It must be remembered that the war years preceded the era of free public libraries and highly trained librarians with their sophisticated catalogues and indexes. In 1934 Ralph Munn86 of the Carnegie Institute, Pittsburg, and John Barr87 of Auckland Public Library had probed libraries in the main towns, reporting very many weaknesses. Their report, said the president of the Library Association in 1943, was the ‘forcing-bed out of which has grown modern library development in New Zealand.’88 They stressed the need for a central organisation to buy books and circulate them through public libraries, increasing supplies while reducing wasteful buying, and they condemned the subscription system.89
In New Zealand, unlike Britain and the United States, in general borrowers from public libraries paid subscriptions, while newspaper rooms and reference sections were open to all. These libraries were also supported by money from local authorities, the pro rata amount varying considerably from place to place; subscriptions, as the apostles of freedom urged, reduced the number of people using libraries and channelled the selection of books to ‘what our subscribers like’.90 Local authorities were not permitted to levy rates of more than 1d in the £ for library purposes until 1939, when 2d was permitted.91page 1198
Movement towards freedom was helped by the Country Library Service, a government service established in 1938 under the Minister of Education, which began its work with the smallest rural libraries. Originally towns with fewer than 2500 people could have free loans of books, 15 per 100 of population, changed periodically by travelling vans, on condition that the local authority made its library free and gave a reasonably efficient service.92 Its range was gradually extended: in 1943, in 43 towns with populations of less than 10 000 there were free libraries; by December 1945 62 towns of fewer than 15 000 people had them.93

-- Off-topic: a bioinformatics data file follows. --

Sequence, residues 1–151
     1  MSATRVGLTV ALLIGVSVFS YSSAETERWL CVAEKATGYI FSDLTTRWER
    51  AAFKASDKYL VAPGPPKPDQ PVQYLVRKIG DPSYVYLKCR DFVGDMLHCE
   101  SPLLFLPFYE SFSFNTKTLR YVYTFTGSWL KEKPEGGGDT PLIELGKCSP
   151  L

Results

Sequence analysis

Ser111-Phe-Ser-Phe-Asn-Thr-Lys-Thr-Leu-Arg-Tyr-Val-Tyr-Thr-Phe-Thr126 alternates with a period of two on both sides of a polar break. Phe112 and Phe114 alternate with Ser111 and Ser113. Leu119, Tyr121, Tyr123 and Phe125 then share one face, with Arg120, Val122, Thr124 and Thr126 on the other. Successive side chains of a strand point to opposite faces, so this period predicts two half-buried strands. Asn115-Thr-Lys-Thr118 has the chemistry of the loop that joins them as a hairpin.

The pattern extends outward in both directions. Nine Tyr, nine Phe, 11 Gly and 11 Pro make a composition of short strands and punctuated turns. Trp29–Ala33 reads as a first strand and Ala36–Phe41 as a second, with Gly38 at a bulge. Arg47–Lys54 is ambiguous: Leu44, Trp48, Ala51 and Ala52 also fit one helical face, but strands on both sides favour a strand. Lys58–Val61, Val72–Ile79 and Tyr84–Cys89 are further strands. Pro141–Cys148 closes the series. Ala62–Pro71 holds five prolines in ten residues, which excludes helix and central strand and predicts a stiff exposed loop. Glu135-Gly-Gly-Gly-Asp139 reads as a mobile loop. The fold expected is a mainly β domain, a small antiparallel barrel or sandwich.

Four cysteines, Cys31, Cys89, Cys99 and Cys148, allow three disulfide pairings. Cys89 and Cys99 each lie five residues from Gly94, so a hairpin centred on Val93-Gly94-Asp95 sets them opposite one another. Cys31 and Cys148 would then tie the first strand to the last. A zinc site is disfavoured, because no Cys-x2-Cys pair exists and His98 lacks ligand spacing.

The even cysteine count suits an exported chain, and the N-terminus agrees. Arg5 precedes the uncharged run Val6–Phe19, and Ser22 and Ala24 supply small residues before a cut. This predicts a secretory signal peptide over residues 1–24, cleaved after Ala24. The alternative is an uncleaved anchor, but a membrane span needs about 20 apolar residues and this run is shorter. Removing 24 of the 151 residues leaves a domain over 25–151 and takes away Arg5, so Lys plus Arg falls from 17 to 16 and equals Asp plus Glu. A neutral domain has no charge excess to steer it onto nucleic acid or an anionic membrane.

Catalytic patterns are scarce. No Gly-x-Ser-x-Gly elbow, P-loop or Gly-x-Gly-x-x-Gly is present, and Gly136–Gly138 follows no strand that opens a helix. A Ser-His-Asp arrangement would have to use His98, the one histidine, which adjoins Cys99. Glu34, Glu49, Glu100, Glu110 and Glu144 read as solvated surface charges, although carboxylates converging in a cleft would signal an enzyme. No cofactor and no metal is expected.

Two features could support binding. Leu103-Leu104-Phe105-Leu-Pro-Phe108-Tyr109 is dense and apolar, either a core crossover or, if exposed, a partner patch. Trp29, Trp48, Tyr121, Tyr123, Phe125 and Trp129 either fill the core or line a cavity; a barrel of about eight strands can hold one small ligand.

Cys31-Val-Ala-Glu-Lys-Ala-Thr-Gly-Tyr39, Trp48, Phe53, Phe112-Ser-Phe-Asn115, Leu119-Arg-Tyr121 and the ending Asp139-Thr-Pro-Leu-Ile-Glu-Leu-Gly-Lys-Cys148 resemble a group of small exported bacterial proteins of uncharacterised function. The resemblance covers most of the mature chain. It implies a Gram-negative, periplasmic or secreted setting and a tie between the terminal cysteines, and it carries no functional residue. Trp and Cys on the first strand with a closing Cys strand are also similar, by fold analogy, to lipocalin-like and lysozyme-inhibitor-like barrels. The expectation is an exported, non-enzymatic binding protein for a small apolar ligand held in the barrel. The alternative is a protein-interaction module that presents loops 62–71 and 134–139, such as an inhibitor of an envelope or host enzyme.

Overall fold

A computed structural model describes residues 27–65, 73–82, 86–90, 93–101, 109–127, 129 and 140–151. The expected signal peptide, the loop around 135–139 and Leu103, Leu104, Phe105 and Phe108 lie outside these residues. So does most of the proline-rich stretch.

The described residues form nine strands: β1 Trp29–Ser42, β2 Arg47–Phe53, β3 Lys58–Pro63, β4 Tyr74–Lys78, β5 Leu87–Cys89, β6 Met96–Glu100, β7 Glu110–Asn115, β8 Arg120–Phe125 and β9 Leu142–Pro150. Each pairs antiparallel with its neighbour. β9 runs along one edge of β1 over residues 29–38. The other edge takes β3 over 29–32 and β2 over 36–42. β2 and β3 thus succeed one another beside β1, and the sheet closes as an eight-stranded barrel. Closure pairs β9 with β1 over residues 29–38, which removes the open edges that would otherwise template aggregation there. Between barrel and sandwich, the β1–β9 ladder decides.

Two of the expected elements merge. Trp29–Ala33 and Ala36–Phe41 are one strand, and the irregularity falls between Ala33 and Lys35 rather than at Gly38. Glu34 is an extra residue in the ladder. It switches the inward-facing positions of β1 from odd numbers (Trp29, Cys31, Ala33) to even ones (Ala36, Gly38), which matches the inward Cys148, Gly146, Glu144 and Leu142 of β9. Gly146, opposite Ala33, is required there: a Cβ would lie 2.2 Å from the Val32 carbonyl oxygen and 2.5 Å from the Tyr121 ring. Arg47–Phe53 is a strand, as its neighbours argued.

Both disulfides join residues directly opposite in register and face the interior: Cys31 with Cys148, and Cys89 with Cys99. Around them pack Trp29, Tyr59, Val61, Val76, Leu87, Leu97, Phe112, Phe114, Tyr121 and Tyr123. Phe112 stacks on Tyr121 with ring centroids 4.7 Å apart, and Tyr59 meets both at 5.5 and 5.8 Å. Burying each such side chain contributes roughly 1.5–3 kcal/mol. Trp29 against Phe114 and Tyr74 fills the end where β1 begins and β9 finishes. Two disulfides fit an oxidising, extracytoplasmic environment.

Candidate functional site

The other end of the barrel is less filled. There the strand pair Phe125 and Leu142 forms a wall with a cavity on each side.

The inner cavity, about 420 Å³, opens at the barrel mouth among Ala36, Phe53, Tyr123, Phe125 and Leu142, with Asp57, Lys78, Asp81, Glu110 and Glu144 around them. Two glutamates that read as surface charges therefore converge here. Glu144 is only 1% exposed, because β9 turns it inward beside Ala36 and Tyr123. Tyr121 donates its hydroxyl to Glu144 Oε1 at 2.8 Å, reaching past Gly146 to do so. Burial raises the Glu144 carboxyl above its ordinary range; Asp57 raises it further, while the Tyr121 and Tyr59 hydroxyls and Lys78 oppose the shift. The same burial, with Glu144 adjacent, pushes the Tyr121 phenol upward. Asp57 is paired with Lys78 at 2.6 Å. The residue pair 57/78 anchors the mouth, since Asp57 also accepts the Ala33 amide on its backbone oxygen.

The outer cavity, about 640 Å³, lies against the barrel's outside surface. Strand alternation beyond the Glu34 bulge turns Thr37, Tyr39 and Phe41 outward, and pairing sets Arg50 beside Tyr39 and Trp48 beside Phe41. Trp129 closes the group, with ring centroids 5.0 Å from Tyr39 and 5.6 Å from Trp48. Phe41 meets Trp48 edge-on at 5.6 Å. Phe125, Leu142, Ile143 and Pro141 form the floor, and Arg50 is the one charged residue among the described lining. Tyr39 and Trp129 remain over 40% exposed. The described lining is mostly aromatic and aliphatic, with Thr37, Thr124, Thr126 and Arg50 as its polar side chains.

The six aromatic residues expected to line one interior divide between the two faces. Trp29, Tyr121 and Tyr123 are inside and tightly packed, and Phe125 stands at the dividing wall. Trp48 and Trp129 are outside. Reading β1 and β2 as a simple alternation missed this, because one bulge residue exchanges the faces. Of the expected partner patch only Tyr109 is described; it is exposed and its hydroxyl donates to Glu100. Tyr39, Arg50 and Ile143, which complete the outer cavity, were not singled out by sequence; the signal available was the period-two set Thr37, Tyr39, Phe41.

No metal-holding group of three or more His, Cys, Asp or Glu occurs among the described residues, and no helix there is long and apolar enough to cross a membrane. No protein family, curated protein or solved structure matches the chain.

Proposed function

The Country Library Service also helped small independent subscription libraries. For £3 a year 100 books were lent and changed. In 1942–3, amid the tyre and petrol shortage, 368 of these libraries had 26 410 books circulating. In addition, to isolated groups of readers hampers of books were sent and remote individuals could get books by post from headquarters. In 1943 there were 70 groups on hampers and 250 individual readers. The Country Library Service then had 118 204 books, including 42 857 in the children's section, 43 295 non-fiction, 32 049 fiction. In 1945, 491 subscription libraries, 66 groups and 567 individuals were linked to the Service, which also acted as an interloan agency for scarce and wanted books.94 In 1942 the School Library Service, financed by the Education Department and administered by the Country Library Service, was inaugurated as one of its most important services. By December 1945 some 1019 schools, representing 58 152 children, were receiving books.95 The Country Library Service had other functions. From 1942 it supplied books to the AEWS which circulated them to the forces. Its Central Bureau for Library Book Imports has been noted.96 Cards from the Bureau were filed and helped to begin the union catalogue of book holdings of the major libraries; other bibliographical projects were cherished as far as means allowed. Its work in many areas was greatly helped by the five-year appointment, beginning in 1940, of a liaison officer between itself and the New Zealand Library Association. Miss E. J. Varnell, with distinguished experience in England behind her, was a vigorous and skilful apostle of free public libraries and of librarian training.97page 1199